by Lawrence M. Friedman. Stanford: Stanford University Press, 2007. 360pages. Cloth. $29.95. ISBN: 9780804757393.

Reviewed by James A. Gardner, University at Buffalo Law School, State University of New York. E-mail: jgard [at]


If you are reading this – a book review published in a specialty journal that exists exclusively on-line – then you are surely more aware than most people how modern technology has remade the world. Much of this technological revolution has been beneficial. The internet provides us with instant access to a previously unimaginable wealth of information, and permits us to upload, download, and redistribute it virtually at will. Yet the same technology permits any jerk with a scanner, a cell phone camera, and a laptop to broadcast instantly to the world a plethora of words and images that we never intended for public consumption and that might cause us embarrassment or even more serious harm.

The law has struggled to come to terms with this rapidly changing social landscape. Do criminal and civil causes of action already on the books apply to the nonconsensual capture and dissemination of information about individuals? If so, to which individuals do such laws apply, to what kind of information, and in what circumstances? Can access to certain information be denied to some users? What remedies are available for harm that people suffer from exposure of private information, and against whom do such remedies lie? Or is the real problem the reverse: what recourse do people have who have been denied access to information about or possessed by others? Indeed, the new information environment, along with rapidly changing baseline social assumptions about access and exposure, raise difficult yet profoundly fundamental social questions. What is “privacy”? Why do we value it? What precisely is the harm caused by its invasion?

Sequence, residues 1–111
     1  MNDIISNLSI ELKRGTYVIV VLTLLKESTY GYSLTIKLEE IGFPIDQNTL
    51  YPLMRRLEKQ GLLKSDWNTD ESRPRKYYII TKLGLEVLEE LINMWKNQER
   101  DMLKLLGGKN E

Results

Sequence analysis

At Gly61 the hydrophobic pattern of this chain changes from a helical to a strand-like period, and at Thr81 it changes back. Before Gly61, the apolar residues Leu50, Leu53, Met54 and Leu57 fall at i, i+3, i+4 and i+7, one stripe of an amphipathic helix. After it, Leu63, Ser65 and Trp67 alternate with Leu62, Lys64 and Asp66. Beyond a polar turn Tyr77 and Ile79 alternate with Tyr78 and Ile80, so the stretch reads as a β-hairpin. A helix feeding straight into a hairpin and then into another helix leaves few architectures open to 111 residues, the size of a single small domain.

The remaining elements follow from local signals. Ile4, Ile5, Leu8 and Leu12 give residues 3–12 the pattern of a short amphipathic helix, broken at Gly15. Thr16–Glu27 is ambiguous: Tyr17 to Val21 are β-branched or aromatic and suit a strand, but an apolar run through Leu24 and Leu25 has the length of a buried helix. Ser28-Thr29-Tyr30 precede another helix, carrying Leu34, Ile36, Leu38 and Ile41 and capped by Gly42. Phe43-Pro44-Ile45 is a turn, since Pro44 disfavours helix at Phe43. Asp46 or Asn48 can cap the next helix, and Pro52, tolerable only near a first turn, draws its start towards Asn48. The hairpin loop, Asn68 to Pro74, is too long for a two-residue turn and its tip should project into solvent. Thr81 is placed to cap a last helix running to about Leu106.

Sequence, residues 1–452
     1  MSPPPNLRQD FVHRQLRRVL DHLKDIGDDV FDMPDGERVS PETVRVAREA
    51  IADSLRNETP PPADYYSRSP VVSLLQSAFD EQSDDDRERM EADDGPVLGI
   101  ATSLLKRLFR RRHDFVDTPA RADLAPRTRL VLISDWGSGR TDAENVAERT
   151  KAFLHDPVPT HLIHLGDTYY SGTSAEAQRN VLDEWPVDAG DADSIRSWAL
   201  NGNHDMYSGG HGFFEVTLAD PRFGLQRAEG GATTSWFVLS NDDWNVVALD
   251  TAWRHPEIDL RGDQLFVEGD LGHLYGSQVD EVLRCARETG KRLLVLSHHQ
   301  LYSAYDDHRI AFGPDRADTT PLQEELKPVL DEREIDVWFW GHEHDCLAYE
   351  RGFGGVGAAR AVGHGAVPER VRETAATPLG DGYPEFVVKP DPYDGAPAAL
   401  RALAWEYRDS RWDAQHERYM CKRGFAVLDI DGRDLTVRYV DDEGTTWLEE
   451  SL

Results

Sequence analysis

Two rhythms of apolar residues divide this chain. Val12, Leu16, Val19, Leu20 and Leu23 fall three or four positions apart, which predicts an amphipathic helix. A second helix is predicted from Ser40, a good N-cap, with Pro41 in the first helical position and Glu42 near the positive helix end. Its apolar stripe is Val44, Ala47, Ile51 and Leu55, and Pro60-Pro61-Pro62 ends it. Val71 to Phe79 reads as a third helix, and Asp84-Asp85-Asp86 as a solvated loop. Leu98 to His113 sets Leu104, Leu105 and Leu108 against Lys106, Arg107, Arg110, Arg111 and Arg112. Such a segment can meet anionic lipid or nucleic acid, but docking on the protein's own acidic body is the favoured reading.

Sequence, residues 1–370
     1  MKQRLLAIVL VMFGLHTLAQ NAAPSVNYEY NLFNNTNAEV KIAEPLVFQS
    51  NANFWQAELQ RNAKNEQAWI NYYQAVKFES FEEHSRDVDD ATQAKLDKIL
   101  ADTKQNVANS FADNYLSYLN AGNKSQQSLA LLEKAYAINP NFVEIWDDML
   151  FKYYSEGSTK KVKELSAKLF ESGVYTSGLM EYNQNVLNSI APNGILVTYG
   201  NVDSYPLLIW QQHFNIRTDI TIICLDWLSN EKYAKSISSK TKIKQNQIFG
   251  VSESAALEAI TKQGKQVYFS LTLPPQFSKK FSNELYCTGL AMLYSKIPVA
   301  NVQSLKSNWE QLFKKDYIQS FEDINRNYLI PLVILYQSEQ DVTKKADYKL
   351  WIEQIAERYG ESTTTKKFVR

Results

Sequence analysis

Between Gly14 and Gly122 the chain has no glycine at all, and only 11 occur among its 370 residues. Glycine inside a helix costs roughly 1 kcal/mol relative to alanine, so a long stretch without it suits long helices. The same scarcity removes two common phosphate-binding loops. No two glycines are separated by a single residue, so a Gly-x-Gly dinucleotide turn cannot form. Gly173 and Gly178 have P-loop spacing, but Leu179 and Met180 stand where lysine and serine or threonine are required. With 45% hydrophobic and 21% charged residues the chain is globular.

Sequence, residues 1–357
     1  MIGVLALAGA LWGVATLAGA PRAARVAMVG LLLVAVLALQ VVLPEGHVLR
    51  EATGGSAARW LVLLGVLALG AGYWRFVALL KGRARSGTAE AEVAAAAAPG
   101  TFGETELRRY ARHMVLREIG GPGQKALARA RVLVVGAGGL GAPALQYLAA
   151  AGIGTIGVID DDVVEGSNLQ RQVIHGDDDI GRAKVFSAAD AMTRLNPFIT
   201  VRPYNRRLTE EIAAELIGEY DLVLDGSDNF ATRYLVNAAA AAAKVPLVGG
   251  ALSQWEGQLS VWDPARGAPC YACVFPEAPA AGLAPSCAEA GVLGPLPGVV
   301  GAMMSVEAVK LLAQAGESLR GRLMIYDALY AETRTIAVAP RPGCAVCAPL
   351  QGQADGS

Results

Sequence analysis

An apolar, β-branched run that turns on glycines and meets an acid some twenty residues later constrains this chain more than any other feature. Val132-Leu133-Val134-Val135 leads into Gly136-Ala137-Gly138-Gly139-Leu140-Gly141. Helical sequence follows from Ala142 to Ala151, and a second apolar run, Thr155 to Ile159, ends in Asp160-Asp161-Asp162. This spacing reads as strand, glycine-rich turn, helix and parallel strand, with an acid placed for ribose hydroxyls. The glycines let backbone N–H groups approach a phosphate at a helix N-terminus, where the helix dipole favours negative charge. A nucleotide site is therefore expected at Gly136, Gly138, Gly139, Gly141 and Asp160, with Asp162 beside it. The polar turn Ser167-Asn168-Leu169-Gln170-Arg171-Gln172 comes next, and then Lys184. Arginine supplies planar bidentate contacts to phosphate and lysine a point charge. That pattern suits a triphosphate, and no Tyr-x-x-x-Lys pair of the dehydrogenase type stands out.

In his new book, Stanford legal historian Lawrence M. Friedman does not address these questions directly, but lays some useful groundwork for their contemplation by providing a social history of the legal remedies most commonly associated with protecting the privacy of personal information and behavior. Friedman’s argument is discomfiting: the array of legal remedies that we have inherited – the laws of libel, slander, blackmail, censorship, and so on – were designed in different times to treat very different social problems, and speak little if at all to contemporary circumstances.

The heart of Friedman’s account is his contention, persuasively documented, that many legal regimes now commonly thought to protect personal privacy evolved originally during the nineteenth century to protect something quite different: reputation. According to Friedman, strict nineteenth-century [*763] codes of public morality reflected demanding collective ideals of personal virtue. These ideals defined the best life as one characterized by discipline, self-control, hard work, piety, temperance, and frugality. Personal reputation – the key to social respectability and economic prosperity for the upper classes – depended upon compliance with these standards. Strict laws of defamation, for example, prevented public revelation of reputation-damaging misbehavior, even when the charges were true.